One of the things I appreciate most about my publisher Jericho Books (an imprint of Hachette Book Group), is that they included me in a lot of the book-making process, which was much more arduous than I’d expected. Designing the actual physical book made the writing of the manuscript seem like the easy part.
The biggest decision in the whole process was not the font or the dimensions or the quality of the paper, but the cover design.
I named the book The Invisible Girls, which described both my experience of being lost after nearly dying of cancer, as well as the experience of the Somali mom and her five daughters who were swallowed up in a western culture they didn’t understand.
As the design team planned the book cover, they threw out a few ideas. First, they asked if they could put a picture of me on the front.
“No,” I replied to their e-mail. “Because the book is not just my story; it’s also the story of the Somali girls.”
Then they sent me a sidelit picture of an African girl, from their stock photography files. “No,” I said again. “Because the book is not just about an African girl; it’s also a book about me.”
After going back and forth, I finally suggested that there be no human element on the cover, since neither a Caucasian girl nor an African girl were representative of the book.
So the design team came up with the hardback cover, which is a blurred picture of the MAX train in Portland where I first encountered the Somali family.
Before the paperback book launched this spring, there was another conversation about the cover. This time, the design team pushed for a picture of me with the Somali girls.
The idea was good in theory, but I was reticent to publish any pictures of them, since it was my idea (not theirs) to write a book about them, and because what good has it ever done any child to be thrust into the public spotlight at an early age? (No offense, Jason Bateman and Jodie Foster, but most of your compadres haven’t fared so well.)
Anyway. In the end, I agreed with them that a cover with a human element would be more compelling and descriptive than a picture of a train, so I sent them a few photos that I’d taken of me and the girls, asking the designers to either blur out their faces, or to use the photo of me holding the smallest girl, whose face was half-hidden by my diva-style stunner shades.
They chose that photo, and it’s on the cover of the paperback version of the book.
A few weeks before the paperback version launched, I got a box of complimentery books in the mail from the publisher. I picked one up and studied the picture, laughing at the memory of the afternoon that picture had been taken.
I’d driven from Portland to Seattle with a friend, and we’d taken the girls their favorite meal, which consisted of pizza, Sunny-D, Clementine oranges and ice cream. After I’d cleaned up the kitchen, I came around the corner to the living room, to find that the littlest girl, Chaki, had raided my purse to see what other surprises I had in my “pok-pok,” as she called it. She’d found my sun glasses and strutted around the living room, with her older sisters in hysterics.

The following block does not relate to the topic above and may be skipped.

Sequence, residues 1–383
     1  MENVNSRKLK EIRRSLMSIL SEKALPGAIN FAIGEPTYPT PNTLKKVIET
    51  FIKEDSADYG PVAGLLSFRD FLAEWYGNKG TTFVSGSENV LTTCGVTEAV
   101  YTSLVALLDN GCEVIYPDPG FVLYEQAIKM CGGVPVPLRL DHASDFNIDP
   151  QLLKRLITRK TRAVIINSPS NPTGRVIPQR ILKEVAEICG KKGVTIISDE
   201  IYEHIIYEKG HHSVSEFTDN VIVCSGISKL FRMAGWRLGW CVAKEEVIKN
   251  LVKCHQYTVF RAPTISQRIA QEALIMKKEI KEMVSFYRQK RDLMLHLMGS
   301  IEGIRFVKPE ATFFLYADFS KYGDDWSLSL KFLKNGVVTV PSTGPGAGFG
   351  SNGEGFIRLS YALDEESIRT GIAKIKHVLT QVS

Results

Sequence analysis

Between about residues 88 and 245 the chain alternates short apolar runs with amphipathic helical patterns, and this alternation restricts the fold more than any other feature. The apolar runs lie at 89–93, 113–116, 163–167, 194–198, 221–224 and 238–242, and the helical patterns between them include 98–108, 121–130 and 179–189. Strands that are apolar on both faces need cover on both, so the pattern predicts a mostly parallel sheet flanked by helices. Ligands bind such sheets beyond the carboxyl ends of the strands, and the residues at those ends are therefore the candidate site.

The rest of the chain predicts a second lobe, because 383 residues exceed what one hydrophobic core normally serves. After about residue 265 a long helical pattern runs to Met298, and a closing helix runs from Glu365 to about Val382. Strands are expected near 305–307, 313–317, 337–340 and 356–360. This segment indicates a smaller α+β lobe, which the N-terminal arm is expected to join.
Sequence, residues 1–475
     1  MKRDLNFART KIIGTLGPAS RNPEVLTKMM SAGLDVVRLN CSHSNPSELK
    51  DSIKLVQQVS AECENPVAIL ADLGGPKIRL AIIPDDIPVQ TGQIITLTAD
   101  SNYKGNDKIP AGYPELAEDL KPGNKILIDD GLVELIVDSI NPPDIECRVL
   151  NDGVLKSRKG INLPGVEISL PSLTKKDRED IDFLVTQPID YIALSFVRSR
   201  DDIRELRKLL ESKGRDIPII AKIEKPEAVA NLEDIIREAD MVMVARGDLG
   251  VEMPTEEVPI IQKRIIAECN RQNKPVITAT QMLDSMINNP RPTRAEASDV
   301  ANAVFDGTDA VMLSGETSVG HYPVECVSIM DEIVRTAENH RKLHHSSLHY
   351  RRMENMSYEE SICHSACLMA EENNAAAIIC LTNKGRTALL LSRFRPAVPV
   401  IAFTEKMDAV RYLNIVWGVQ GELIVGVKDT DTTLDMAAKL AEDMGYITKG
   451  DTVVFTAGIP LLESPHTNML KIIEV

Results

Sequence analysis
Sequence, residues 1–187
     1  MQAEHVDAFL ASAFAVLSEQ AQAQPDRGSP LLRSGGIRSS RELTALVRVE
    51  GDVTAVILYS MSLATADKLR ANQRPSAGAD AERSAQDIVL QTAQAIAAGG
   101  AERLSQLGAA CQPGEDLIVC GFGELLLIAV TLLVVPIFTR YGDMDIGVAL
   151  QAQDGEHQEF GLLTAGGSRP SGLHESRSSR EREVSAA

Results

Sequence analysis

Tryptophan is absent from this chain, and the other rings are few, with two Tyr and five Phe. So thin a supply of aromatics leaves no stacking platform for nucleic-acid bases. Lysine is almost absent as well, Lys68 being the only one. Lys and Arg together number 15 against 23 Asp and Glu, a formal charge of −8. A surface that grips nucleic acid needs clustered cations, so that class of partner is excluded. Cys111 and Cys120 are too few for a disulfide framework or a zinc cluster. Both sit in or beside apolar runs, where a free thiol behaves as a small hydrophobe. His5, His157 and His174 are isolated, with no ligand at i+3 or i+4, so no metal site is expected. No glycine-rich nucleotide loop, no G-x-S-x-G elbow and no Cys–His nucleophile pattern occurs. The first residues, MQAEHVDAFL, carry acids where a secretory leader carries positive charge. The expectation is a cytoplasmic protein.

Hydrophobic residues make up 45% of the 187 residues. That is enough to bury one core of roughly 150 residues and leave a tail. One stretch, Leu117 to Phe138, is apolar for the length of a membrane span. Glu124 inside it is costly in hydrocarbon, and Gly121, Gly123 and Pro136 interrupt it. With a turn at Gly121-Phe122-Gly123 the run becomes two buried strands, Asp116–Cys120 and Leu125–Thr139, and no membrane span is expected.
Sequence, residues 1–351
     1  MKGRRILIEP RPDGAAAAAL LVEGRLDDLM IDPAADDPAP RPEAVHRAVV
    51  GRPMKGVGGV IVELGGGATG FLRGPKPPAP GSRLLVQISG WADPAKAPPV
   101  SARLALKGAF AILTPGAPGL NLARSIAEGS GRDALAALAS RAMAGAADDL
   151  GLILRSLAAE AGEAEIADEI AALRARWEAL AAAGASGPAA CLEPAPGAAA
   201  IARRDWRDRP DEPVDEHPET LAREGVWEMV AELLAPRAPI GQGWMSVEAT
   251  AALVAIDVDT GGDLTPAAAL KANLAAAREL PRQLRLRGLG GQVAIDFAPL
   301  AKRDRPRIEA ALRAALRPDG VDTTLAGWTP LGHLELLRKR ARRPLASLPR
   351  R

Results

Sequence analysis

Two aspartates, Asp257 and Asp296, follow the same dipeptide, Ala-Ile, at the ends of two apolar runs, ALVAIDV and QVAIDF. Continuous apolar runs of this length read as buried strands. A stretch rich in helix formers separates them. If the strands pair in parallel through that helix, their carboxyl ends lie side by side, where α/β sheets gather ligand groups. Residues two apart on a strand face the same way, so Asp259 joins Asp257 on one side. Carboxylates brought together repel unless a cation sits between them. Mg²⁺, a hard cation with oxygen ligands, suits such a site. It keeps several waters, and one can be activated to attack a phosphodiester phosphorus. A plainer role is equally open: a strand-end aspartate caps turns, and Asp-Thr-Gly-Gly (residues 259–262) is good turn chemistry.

One of them had grabbed my camera and snapped that photo of us.
As I studied the cover, I remembered the reason I’d taken a friend with me on that trip was because the day before I’d gotten an infusion of an anti-cancer drug, which always left me fatigued and achy for a week or two. I asked my friend to come with me so she could drive if I felt ill.
I remembered that the reason I’d met this family in Portland was because I’d had breast cancer on the east coast and after my life fell apart there, I’d sold everything I had and ended up on the west coast with just a suitcase of clothes. And that’s when I’d met this family — who’d also escaped death and ended up with just the clothes on their back in a new place, learning how to start over, and nearly freezing and starving to death in the process.
Instead of being a death sentence, my cancer had been a catalyst that ignited a series of events that led to our paths crossing on a train in Portland.
I keep a copy of the book on my night stand. My favorite detail of the picture is not my smile, or the littlest girls’ grin, or the oversized sunglasses on her face — it’s the bandage on my right hand, where I’d gotten the chemo infusion the day before.
The picture reminds me to pray for the girls every night before I go to sleep. And it also reminds me that sometimes my ends are God’s beginnings, that complications can be catalysts, that love transcends loss.
And that redemption comes at the most unusual times, in the most unexpected places.